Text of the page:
Analysis Of Dante Rossetti's, Jenny By Dante Rossetti

Superior Essays
Dante Rossetti’s, Jenny: A Cautionary Tale of
Sexual Knowledge and its Destruction of Women

“The whole education of women ought to be relative to men. To please them, to be useful to them, to make themselves loved and honored by them”
- John-Jacques Rousseau

England in the 19th century was wrought with the battle for women’s rights, specifically the education of women. In his poem, Jenny, Dante Gabriel Rossetti’s narrator makes various references to books – those on his shelf, and how pressing a flower into a book can “crush the flower within the soul” (256). He appears to make a social commentary within his poem about the unknown thoughts of a common whore about the debate on women’s education. Rossetti uses the books to symbolize the
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His sister, Christina, was also a renowned poet and just as scholarly as he. Christina found some modicum of success as an illustrator, but as a woman, most of her artwork, according to Lorraine Kooistra, was “for private pleasure rather than public recognition” (2) . Dante is on record as being one of his sister’s greatest supporters in her illustrating, and later, her writing. Christina herself went on to write many texts that are still studied to this day, to include “Goblin Market” and “Remember”. On the other hand, Dante’s own wife had been a model before she married him. Their engagement lasted ten-years and it is assumed they would have had a sexual relationship before their marriage. Therefore, Dante would have seen how sex could potentially destroy a woman’s life. He may have pondered over wedding a woman who would have been considered “fallen” by society’s standards—something his narrator debates constantly throughout …show more content…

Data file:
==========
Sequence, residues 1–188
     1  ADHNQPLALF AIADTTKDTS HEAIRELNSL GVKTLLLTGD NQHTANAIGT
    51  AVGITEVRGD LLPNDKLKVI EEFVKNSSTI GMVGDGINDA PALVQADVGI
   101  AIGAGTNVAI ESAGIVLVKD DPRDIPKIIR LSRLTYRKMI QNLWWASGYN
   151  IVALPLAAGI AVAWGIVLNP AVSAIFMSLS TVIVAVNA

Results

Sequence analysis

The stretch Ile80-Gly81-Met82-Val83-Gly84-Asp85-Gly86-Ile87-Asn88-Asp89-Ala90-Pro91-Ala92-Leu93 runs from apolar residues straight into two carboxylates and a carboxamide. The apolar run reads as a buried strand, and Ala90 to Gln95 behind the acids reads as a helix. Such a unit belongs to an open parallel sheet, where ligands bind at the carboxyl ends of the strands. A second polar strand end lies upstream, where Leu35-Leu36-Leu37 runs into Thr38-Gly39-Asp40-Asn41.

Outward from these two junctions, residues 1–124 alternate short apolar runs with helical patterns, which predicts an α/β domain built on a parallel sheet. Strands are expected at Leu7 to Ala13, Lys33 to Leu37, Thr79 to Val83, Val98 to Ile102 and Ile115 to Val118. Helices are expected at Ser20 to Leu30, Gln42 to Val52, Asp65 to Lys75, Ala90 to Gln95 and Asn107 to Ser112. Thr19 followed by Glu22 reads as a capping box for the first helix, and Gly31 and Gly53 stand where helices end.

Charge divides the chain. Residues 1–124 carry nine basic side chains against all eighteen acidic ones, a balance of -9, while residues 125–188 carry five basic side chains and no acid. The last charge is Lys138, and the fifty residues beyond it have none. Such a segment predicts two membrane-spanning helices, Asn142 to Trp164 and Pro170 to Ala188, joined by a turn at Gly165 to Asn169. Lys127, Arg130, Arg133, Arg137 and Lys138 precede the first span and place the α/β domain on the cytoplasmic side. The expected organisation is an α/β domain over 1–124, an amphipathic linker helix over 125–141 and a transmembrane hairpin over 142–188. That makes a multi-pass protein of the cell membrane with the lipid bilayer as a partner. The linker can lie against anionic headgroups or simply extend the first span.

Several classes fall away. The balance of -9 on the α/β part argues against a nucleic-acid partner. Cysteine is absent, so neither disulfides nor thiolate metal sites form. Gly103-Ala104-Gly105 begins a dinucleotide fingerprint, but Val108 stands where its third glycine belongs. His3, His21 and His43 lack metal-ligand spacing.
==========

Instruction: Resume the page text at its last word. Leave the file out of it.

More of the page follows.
Here, Rossetti uses the book and rose as a simile for a woman’s innocence being crushed by carnal knowledge. Once she opens the book, and even glimpses at its contents, she is ruined and no longer innocent. Therefore, the narrator decides that Nell should not interact with Jenny, for fear spending time with her would cause Nell’s own rose to become crushed. Using a crushed rose here is a good way to emphasize the ill effects of carnal knowledge. Francisco Silva explains this concept in his essay “Red as Blood, White as Snow, Black as Crow: Chromatic Symbolism of Womanhood”. Silva states that in many texts, a rose is used to symbolize a woman’s budding innocence, or “the fruitful aspects of womb blood as well as for youth” (245). Jenny’s soul being crushed by the knowledge of sex would destroy the idea of her innocence and the narrator would want to protect other innocent women from this fate. Rossetti furthers this concept of a faded or dead rose in lines 264-275 when he

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